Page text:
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Soggade Chinni Nayana Review

Review by IndiaGlitz [ Friday, January 15, 2016 • Telugu ]
Soggade Chinni Nayana Review
Cast:
Akkineni Nagarjuna, RamyaKrishna, Lavanya Tripathi
Direction:
Kalyan Krishna
Production:
Akkineni Nagarjuna, Ram Mohan P
Movie:
Soggade Chinni Nayana

After being transformed into something else, Nag's character goes on a naughty ride across the village and pays a visit to his 'maradalu', who, in her unconcealed excitement upon seeing her charming 'bava', breaks into countryside poetry.  This scene captures everything that is most entertaining about 'Soggade Chinni Nayana' - the romantic Bangarraju, his natural Godavari accent, Nag's evergreen chemistry onscreen with beauties, Bangarraju's famed 'teevi' that has everyone in spell, Coastal Andhra nativity, a language that is boisterously out of tune with the routine 'Tegulu' in Telugu movies.  More than the story, it is such colourful moments that define this film.  "Raa intiki, tippukuntoo navadam nerpistha," Nag's character says to Hamsa Nandini and moments later, a shy Nag coaches her in cat walk.  Just to make sure Bangarraju's hedonistic lifestyle is even more exciting, Anushka is brought in and extra-marital affair is unabashedly glorified!  Is this the return of the incurable married flirt of the '90s?

The socio-fantasy drama begins with Babjee dying due to the bite of a divine snake.  At this time, Ramu (Nag) and Seetha (Lavanya Tripathi) return from US with the intention of applying for divorce.  Sathyabhama (Ramy Krishna) tries to convince her daughter-in-law to not apply for divorce and instead try to make up with her hubby.  In another world, Lord Yama (Naga Babu) sends Bangarraju (Nag) to be with his wife Sathyabhama on Earth without revealing to him that there is a divine purpose behind his presence there.

On the face of it, the story line is not novel. But the way the screenplay is interspersed with a range of elements makes the film a rom-com with a unique Telugu flavour.  It is like revisiting '90s era films and the two characters which are 21st Century are Ramu and Seetha, the problems in whose relationship give rise to a host of interesting situations.

Debutante Kalyan Krishna Korasala keeps it simple and devoid of unnecessary melodrama - all while maintaining the required intensity.  The contrasting chemistry between Bangarraju and Sathyabhama on the one hand and Ramu and Seetha on the other, is neatly delineated.  Watch Ramya Krishna surprised and cry moments later upon Nag's appearance - she is child-like and innocence personified at once.  In contrast, Lavanya looks every bit that independent-minded woman who can't stand her hubby's self-absorbed state of mind.  If Nag as Bangarraju is vintage Nag, as Ramu, he is a cross between a child-like man and the son of Naga Chaitanya and Samantha from 'Manam'.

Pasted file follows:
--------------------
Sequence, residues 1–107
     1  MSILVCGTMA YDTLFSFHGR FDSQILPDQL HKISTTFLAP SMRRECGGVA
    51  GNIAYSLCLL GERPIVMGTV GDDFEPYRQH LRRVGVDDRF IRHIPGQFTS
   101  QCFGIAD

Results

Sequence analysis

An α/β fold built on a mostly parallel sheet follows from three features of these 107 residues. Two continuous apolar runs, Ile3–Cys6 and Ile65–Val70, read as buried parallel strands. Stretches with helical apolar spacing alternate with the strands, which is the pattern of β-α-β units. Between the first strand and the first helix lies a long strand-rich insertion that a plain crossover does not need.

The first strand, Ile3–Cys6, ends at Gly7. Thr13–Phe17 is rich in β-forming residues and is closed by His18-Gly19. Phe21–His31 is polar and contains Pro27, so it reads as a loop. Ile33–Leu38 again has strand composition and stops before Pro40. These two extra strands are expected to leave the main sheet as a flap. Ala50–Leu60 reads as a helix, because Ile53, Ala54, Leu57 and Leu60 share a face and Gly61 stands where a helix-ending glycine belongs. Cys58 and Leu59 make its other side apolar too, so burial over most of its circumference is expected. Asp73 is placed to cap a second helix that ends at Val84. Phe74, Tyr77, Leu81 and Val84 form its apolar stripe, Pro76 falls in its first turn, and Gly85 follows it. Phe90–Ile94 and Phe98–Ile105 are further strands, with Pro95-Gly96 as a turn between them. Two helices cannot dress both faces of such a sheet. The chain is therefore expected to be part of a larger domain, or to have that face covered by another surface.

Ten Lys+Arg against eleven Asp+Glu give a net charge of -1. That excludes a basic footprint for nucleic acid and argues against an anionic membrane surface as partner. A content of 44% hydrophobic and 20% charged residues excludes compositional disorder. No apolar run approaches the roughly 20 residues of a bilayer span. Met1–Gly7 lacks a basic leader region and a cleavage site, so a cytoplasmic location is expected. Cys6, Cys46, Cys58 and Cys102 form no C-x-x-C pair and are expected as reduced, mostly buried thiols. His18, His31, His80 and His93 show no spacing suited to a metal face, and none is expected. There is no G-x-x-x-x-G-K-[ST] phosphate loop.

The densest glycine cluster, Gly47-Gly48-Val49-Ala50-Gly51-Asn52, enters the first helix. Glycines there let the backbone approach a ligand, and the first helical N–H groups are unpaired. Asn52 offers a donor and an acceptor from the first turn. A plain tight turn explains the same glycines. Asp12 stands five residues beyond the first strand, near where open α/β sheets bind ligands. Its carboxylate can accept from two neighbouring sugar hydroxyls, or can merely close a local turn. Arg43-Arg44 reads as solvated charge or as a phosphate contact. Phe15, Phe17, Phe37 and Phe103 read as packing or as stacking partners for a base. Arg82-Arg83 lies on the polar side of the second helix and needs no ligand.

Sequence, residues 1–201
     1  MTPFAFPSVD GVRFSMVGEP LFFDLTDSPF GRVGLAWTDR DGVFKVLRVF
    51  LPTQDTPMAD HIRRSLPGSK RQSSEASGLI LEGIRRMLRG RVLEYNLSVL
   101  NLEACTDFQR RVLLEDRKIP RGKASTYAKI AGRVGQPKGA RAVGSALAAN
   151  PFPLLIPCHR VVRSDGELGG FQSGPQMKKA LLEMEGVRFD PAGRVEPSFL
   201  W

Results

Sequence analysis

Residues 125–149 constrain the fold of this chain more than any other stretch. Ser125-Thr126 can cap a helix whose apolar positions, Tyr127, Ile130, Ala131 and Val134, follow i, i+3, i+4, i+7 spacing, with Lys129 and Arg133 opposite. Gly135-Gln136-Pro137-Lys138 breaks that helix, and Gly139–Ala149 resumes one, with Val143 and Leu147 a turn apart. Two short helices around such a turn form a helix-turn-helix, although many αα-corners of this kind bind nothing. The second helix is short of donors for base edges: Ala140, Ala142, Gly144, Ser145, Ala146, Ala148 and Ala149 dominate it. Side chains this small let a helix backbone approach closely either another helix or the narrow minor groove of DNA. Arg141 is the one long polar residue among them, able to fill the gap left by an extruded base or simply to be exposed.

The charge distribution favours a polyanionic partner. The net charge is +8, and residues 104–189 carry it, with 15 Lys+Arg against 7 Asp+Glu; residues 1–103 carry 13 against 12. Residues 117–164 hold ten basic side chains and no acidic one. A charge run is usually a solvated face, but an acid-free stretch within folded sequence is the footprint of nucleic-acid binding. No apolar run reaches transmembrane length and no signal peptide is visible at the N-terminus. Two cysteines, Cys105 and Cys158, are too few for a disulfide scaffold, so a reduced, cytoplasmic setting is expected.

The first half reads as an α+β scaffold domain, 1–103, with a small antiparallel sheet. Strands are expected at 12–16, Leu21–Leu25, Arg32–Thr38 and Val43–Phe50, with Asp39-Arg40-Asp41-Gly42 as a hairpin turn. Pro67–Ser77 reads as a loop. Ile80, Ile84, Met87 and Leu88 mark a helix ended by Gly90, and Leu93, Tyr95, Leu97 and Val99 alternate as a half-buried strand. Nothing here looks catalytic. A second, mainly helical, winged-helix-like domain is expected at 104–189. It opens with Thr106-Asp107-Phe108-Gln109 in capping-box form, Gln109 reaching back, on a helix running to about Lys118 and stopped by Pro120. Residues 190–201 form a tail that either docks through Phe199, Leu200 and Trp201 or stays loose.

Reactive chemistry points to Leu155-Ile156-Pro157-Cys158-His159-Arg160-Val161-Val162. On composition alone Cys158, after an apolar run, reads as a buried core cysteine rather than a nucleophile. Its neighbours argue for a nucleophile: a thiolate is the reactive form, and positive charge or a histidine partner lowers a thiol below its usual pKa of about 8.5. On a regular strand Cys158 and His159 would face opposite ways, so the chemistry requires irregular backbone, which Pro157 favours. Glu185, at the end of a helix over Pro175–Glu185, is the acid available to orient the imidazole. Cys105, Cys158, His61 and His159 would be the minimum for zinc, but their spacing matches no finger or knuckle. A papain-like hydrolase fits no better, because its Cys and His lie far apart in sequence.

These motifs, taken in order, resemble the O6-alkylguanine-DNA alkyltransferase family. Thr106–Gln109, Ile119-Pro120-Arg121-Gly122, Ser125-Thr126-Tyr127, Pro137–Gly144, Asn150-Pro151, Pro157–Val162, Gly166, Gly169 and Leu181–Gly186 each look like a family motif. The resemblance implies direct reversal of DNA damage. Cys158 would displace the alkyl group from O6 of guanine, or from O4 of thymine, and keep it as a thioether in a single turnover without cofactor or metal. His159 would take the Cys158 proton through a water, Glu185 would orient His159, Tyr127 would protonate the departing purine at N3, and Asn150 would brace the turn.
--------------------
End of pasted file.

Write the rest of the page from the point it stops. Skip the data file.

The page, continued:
It is a subtlety that the behaviour of Ramya Krishna and the son Nag is charmingly innocent.  Like mother, like son - a rarity in our films nowadays.

If Sampath fits the bill, Nasser is admirable once again.  Brahmanandam as a fake 'baba' claiming to communicate with dead persons is hilarious.  Vennela Kishore and Brahmaji could have been used in a better way, given their potential.  Posani is just about Ok.  Of all the characters, Sampath is most sketchy.

It would have helped if the story of Ramu and Seetha was stretched till the climax in some way or the other.  Since the story starts off with their problem, it would have made sense to keep it alive, to be resolved in a substantial climax.  The climax looks less than substantial, although technically it is well-executed.

The film belongs to Nag and those of you who want to see vintage Nag, don't give it a miss.  The socio-fantasy element with Lord Shiva connection brings to mind 'Yeduru Leni Manishi' and 'Damarukam'. The element of the light-spirited spirit also brings to memory ANR's films like 'Sri Rama Raksha'. Nag looks all the more glamorous and he strikes a fabulous chemistry with the redoubtable Ramya Krishna.  The actress doesn't give a reason to be called a yesteryear female lead!  She is irreplaceable as much as Nag is.

Lavanya shows spark in the first scenes of the film.  She is a natural, continuing to strike gold after 'Bhale Bhale Mogadivoy'.

Songs are enjoyable in every respect - music-wise, lyrics-wise, picturization-wise and choreography-wise.  The title song stands out.  Anup Rubens is equally splendid in background music - his core competency.  PS Vindo's cinematography is first-rate and Prawin Pudi's editing is well done. Art work is apt.

Computer Graphics are good enough.

Verdict:  A well-written and well-executed film with splendid performances, especially by Nag and Ramya Krishna.  A socio-fantasy, it will be remembered more for its rom-com strengths.

Rating: 3.25 / 5.0

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